The History Show

    Sunday, 6pm


    Close to 15,000 Irishmen fought in Gallipoli during World War I.  Almost 4,000 of these soldiers died.   Three quarters of the fatalities served in the Volunteer 10th (Irish) Division.    This is a staggering fatality rate of almost 27%.

    Do you have an ancestor who fought with the Australian forces at Gallipoli?

    We’d like to include your stories in our special Gallipoli centenary programme in April. Please Email:

    The History Show Sunday 3 March 2013


    The History Show Full Programme

    Bringing the past to life! Discover how our world was shaped as Myles Dungan and guests explore events ranging from medieval times to the recent past on this weeks programme American Civil War, Josef Stalin 60 years after his death, Pubs and places named after historic figures and Language Bites explains 'Plum Job'.

    Coming up on next week's programme

    To mark Family History Year, our genealogy experts will be answering your questions about tracing your ancestors.

    Email your family history questions to anytime this week.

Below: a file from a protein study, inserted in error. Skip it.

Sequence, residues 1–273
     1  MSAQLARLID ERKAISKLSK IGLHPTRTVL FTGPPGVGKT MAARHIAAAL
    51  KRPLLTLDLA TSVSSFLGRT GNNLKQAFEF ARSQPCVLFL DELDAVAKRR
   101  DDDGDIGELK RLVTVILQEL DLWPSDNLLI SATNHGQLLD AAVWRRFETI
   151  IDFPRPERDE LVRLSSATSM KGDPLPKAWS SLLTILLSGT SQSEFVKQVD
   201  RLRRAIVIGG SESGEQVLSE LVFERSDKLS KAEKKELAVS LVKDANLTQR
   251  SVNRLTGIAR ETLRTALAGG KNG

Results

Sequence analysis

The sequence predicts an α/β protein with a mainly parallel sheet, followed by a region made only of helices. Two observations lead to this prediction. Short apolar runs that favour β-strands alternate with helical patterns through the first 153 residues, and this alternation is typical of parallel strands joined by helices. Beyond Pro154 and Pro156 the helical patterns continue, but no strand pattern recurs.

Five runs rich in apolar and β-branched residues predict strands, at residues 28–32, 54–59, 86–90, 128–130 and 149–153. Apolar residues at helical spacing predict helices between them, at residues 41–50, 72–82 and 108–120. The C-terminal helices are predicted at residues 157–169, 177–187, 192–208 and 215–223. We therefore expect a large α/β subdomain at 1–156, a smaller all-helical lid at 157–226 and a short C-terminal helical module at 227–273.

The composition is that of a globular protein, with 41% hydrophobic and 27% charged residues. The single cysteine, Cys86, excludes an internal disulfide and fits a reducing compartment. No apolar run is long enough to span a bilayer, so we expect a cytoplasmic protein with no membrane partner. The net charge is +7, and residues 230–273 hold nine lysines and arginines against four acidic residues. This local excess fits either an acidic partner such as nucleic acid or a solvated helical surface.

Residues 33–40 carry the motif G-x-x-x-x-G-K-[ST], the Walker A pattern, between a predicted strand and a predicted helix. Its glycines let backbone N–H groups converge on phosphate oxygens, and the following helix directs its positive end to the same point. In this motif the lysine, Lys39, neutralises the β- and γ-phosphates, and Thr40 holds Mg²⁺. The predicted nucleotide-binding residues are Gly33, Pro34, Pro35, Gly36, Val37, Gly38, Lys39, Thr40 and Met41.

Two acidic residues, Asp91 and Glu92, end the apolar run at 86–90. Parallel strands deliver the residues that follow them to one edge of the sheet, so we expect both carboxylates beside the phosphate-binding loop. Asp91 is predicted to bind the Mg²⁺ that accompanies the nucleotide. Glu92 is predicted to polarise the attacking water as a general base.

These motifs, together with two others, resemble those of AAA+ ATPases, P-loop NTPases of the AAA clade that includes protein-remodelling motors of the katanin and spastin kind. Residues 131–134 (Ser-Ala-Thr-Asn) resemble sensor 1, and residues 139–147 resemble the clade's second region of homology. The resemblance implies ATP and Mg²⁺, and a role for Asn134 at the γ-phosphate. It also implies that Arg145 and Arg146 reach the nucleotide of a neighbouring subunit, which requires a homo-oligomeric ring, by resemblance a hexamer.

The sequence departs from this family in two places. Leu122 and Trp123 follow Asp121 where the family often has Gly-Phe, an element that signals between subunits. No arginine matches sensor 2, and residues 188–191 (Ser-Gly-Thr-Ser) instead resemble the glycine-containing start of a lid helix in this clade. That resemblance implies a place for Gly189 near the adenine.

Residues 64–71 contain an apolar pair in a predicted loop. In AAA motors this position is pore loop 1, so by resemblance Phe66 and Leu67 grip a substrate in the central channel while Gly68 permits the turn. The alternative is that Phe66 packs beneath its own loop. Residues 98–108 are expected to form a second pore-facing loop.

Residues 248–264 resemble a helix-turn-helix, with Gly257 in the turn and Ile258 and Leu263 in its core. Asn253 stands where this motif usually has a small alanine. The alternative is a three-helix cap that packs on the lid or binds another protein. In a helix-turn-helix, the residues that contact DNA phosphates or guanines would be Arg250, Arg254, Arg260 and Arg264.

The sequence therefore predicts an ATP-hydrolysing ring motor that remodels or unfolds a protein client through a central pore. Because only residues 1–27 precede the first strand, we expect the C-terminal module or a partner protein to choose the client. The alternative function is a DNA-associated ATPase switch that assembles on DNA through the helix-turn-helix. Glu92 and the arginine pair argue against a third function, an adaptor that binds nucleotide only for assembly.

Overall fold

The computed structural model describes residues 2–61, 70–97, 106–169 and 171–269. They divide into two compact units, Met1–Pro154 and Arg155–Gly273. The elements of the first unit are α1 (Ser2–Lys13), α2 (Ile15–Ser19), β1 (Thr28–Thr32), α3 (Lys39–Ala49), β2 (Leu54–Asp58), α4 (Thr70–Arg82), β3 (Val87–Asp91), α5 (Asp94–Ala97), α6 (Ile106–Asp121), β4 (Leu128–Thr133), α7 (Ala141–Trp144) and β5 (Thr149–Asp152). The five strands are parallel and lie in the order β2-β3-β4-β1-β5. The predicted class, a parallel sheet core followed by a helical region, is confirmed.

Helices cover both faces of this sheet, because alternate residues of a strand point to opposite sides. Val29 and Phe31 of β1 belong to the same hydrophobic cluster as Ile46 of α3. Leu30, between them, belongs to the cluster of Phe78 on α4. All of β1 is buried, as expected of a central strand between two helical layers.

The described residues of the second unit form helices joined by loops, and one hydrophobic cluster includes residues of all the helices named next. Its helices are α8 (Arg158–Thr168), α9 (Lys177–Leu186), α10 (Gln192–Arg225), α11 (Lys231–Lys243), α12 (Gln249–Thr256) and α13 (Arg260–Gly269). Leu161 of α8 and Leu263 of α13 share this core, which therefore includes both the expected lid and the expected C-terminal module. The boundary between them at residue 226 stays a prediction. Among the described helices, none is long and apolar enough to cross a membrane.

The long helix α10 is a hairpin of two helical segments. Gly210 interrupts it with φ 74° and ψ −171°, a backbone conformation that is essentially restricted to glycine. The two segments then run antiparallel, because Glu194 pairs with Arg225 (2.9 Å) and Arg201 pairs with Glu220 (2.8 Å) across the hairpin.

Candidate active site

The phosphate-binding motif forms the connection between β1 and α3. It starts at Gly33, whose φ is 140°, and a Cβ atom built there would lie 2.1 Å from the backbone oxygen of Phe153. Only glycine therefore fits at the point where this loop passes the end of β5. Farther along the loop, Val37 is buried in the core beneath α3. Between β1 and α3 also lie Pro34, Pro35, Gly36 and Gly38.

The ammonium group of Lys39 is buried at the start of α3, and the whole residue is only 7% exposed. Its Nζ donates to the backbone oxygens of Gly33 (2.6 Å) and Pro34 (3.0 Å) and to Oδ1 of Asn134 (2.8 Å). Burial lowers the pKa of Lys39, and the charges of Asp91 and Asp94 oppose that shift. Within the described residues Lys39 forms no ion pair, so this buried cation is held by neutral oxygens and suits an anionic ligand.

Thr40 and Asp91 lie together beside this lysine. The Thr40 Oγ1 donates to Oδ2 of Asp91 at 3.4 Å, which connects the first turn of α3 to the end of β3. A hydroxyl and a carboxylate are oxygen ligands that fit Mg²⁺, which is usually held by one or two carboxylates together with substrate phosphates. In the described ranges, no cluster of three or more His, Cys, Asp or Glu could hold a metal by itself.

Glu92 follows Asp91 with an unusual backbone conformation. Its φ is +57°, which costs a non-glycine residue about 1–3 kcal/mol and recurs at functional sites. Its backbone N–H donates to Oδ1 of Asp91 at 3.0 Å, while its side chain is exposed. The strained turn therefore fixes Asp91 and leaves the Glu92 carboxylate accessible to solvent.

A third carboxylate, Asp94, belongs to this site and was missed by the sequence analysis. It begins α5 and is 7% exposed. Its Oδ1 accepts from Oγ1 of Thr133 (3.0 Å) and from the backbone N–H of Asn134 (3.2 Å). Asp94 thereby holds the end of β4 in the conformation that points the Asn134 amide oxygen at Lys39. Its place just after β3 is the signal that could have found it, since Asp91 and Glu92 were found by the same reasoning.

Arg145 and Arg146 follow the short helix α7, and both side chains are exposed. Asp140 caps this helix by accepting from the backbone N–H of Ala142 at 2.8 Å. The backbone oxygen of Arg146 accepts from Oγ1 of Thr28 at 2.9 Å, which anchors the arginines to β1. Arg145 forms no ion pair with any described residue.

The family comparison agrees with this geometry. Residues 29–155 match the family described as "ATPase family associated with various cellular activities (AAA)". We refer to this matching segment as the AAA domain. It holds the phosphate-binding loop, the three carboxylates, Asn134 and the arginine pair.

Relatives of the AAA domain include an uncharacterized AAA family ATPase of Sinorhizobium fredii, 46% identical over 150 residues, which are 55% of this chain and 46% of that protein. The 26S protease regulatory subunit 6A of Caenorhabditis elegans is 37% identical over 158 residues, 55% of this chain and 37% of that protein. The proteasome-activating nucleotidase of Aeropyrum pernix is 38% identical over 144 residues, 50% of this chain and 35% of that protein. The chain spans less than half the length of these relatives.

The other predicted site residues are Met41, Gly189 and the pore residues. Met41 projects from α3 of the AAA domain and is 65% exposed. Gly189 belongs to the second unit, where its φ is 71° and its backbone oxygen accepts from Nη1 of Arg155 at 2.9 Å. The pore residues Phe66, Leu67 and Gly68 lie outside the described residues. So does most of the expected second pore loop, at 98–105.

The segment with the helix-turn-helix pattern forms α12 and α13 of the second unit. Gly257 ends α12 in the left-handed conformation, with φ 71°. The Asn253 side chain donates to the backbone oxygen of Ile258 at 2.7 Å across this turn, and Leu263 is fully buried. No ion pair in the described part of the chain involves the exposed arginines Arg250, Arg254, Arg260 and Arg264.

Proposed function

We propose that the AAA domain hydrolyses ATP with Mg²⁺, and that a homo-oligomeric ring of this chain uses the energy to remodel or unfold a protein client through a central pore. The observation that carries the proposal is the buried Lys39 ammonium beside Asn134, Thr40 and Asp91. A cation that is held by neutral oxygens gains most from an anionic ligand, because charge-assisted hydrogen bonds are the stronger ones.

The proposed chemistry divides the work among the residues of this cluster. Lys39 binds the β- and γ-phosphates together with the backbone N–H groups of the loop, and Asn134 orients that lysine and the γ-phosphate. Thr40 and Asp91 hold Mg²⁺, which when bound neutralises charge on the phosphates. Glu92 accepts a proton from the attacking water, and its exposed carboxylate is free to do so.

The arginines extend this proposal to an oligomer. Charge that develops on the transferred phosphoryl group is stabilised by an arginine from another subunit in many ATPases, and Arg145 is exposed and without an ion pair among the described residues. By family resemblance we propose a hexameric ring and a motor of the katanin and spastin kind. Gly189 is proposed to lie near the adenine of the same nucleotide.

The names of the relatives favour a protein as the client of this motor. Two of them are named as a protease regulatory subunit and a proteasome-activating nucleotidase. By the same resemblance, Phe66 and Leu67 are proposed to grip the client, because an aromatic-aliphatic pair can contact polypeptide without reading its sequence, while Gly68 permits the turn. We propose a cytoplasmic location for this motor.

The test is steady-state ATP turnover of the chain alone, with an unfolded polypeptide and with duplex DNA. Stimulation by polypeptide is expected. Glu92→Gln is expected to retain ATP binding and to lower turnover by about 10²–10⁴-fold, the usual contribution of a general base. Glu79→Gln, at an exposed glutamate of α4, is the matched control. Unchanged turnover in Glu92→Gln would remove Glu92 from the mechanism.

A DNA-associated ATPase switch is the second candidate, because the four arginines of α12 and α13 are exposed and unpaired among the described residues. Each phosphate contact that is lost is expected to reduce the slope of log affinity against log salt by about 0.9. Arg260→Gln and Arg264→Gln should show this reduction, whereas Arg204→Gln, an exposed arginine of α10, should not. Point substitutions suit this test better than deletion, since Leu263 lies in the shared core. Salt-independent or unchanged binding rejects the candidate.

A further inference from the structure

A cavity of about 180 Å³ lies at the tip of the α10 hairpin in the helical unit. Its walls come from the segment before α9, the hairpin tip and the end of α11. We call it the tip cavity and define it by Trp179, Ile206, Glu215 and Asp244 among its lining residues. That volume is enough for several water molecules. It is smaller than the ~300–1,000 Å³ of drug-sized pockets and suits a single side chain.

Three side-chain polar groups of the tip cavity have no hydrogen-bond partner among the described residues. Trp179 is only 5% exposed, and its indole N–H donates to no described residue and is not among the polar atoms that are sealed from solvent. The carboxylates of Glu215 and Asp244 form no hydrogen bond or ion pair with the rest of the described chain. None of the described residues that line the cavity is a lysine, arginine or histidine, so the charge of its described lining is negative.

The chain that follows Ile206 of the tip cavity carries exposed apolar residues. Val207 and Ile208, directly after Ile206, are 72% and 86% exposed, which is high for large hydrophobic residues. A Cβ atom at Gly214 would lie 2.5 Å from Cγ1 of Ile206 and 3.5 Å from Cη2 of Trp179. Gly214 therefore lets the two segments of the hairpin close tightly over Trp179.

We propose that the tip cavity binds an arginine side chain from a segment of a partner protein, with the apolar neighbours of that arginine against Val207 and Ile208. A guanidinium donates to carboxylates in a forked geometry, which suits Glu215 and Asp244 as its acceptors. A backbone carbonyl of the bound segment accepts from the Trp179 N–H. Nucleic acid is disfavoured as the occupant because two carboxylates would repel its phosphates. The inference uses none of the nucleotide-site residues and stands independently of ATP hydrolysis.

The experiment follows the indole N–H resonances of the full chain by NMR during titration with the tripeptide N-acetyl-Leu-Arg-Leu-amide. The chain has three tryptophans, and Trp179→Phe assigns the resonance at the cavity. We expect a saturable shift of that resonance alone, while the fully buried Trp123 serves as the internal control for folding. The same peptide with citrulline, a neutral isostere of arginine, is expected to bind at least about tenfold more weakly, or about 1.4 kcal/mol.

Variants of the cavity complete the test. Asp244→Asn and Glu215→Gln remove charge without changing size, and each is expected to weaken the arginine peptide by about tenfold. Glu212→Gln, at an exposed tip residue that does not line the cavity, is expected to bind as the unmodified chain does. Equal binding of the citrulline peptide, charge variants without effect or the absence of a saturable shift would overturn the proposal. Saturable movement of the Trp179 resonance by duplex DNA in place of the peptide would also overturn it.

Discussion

Or text 51551 during next week’s programme.



    American Civil War

    Just under 200,000 Irishmen took part in the American Civil War, making it one of the most significant conflicts in Irish history. Hundreds of thousands more were affected away from the battlefield, both in the US and in Ireland itself. The Irish contribution, however, is often only viewed through the lens of famous units such as the Irish Brigade, but the real story is much more complex and fascinating.

    Despite this huge level of Irish involvement, little is known in their home country about their experiences. A large number of sites in Ireland are either directly connected with individuals who fought in the American Civil War or were centres of activity relating to the conflict.

    An American Civil War Trail is planned around the country in sites either directly connected with individuals who fought in the American Civil War or were centres of activity relating to the conflict.

    Local historians, James Doherty and Donncha O Ceallachain took Orla Rapple on the American Civil War trail in Waterford.

    Archaeologist Damian Shiels joined Myles in studio to talk about the Civil War Trail initiative as well as his new book Irish in the American Civil War (The History Press).

    Damian’s book highlights personal stories of those involved - from the Tipperary man who was the first man to die in the war, to the Corkman who was the last General mortally wounded in action; from the flag bearer who saved his regimental colours at the cost of his arms, to the Roscommon man who led the hunt for Abraham Lincolns assassin, what emerges in this book is a catalogue of gallantry, sacrifice and bravery.

    Details of Irish sites and people related to the American Civil War are available at

    The ultimate goal of the group is to erect plaques in places around Ireland associated with the American Civil War.


    Josef Stalin 60 years after his death